PR: It sounds a little patronizing.

JC: Yeah, you don’t want to sound patronizing. But you’ll see it, trust me, you’ll see it. Actually, watch. [Turns to Hillary Rea] Hey, do you hate when someone says good set and you had a shitty set?

Hillary Rea: I don’t tell people that if I didn’t like it. I just run away or walk away. And if I feel like I did shitty, it’s just … Irish Goodbye.

JC: See! Ah, it’s horrible. ‘Cause, your tail’s already between your legs, and someone says good set and you’re like …

PR: Were you there?

JC: Were you just there? I’m bleeding here.

PR: Do you use open mics to farm talent for other shows?

JC: I’ve been starting to do virgin comics at Comedian Deconstruction. I might take an opener from here and bring them over there. I think what I might start doing is one of the five things that we pull out of the hat, I might make one of those one of the themes we do at Deconstruction that month. If it works here, it gives me a week to put them on the show. I think that could work. If I have a theme and someone does a really good joke about it, and they have three or four minutes to follow it with, why not give them a real show to play with. There’s nothing better than that feeling of being in a show. It’s like, real claps, you know? Better than a bringer.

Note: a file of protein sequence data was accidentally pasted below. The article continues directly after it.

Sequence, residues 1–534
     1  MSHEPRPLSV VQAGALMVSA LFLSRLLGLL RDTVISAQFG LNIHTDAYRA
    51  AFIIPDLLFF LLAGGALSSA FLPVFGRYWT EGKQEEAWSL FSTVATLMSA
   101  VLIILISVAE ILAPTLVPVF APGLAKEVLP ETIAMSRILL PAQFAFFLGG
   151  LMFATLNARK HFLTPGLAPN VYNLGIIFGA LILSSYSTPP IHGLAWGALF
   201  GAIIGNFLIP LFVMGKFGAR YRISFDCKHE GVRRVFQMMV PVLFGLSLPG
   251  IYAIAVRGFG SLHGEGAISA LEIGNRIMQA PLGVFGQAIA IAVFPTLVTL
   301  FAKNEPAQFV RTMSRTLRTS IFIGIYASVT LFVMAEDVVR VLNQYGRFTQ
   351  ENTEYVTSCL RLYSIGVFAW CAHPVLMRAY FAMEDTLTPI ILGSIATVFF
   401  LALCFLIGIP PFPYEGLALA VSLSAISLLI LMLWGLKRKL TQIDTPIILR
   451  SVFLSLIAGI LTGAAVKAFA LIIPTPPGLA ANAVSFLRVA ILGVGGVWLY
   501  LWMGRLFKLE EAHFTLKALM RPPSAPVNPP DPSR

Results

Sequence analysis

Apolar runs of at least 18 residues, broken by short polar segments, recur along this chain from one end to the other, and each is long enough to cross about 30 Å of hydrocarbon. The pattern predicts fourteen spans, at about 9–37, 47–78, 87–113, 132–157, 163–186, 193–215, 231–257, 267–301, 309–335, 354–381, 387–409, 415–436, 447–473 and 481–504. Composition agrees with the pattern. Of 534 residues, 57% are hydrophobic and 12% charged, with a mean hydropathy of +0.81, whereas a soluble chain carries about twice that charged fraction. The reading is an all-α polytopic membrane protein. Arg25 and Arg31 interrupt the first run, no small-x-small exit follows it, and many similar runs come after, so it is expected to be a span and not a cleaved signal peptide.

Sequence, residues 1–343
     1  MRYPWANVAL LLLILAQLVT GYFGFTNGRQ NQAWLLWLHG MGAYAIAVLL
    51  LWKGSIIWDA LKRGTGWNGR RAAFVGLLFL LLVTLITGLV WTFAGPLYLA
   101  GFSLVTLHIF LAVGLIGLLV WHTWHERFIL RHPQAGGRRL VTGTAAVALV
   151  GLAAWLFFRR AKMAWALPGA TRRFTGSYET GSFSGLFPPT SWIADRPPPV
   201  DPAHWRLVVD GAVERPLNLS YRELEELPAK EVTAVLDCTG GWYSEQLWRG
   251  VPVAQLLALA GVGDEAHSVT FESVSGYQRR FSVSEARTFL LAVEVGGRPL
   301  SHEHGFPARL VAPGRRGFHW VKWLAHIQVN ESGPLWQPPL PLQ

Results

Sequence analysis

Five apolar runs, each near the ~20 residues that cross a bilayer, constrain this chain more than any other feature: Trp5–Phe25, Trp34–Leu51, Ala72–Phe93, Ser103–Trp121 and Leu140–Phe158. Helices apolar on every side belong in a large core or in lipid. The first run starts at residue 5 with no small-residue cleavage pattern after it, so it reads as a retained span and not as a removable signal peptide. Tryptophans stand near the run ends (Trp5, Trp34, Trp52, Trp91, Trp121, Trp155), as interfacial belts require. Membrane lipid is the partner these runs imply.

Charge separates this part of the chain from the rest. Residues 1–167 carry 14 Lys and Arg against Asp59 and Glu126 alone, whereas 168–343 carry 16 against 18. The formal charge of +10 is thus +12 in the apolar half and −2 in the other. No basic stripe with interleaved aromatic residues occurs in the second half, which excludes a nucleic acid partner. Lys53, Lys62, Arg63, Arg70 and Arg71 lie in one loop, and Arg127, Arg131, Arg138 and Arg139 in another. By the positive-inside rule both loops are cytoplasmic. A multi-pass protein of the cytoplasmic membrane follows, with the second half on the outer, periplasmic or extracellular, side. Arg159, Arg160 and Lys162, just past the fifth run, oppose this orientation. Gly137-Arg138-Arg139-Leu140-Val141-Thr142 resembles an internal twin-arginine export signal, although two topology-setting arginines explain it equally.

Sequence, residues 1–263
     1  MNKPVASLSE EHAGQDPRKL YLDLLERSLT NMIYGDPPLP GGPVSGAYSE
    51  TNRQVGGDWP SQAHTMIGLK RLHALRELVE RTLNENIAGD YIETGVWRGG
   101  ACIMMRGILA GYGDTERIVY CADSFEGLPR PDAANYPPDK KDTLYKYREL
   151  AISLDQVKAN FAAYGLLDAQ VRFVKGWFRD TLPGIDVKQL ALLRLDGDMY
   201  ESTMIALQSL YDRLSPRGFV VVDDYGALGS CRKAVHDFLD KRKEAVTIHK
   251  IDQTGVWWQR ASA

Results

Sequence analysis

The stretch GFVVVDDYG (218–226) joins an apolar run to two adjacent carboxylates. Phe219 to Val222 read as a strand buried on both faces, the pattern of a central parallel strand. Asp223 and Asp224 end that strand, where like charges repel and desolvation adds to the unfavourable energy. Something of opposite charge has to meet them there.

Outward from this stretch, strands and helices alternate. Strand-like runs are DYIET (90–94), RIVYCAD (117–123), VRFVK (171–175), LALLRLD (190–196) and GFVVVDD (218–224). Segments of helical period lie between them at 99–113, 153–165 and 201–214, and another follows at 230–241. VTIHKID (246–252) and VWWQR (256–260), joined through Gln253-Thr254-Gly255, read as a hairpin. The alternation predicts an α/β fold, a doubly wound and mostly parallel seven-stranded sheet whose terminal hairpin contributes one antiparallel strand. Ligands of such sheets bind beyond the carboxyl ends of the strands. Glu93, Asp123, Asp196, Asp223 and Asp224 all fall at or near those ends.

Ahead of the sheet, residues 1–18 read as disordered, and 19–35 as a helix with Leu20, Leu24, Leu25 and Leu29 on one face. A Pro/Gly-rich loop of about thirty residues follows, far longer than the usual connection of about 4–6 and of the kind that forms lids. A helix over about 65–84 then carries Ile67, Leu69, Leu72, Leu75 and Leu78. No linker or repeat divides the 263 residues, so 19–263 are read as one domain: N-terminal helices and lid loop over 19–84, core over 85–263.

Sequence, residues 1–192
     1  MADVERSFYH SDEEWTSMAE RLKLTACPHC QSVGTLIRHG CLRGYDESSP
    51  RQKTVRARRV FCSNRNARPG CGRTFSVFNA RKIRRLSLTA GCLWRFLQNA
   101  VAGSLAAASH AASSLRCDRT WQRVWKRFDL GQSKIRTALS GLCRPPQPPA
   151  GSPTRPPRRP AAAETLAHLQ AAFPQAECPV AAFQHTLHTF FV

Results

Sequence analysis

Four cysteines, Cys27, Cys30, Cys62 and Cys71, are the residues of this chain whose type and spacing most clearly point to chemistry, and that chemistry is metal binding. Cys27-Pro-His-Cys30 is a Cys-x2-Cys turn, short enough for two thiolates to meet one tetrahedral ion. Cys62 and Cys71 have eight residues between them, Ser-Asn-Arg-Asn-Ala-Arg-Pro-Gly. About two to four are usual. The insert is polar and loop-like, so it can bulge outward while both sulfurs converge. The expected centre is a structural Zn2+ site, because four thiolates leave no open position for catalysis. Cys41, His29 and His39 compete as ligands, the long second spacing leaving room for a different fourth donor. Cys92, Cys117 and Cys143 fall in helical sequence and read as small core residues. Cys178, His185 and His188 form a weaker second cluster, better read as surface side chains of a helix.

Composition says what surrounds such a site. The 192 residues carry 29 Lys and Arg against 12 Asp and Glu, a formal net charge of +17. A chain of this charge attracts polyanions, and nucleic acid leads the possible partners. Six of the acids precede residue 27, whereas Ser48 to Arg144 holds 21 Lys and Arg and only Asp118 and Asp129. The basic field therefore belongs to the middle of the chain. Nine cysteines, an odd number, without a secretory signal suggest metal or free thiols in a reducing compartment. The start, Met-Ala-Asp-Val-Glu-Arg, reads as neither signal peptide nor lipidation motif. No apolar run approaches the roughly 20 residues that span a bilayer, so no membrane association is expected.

—————————

I got on stage for the first time as a stand-up and told six jokes in less than three minutes. The crowd laughed, probably because they knew it was my first time, and I felt good. I’ll try not to exit on that high note.

R Open Mic happens every Thursday at Roosevelt’s at the corner of 22nd and Walnut. Sign-ups are at 7:30pm and the show starts at 8pm.

Peter Rambo is @gunnarrambo and is part of American Breakfast. They receive likes at facebook.com/americanbfast.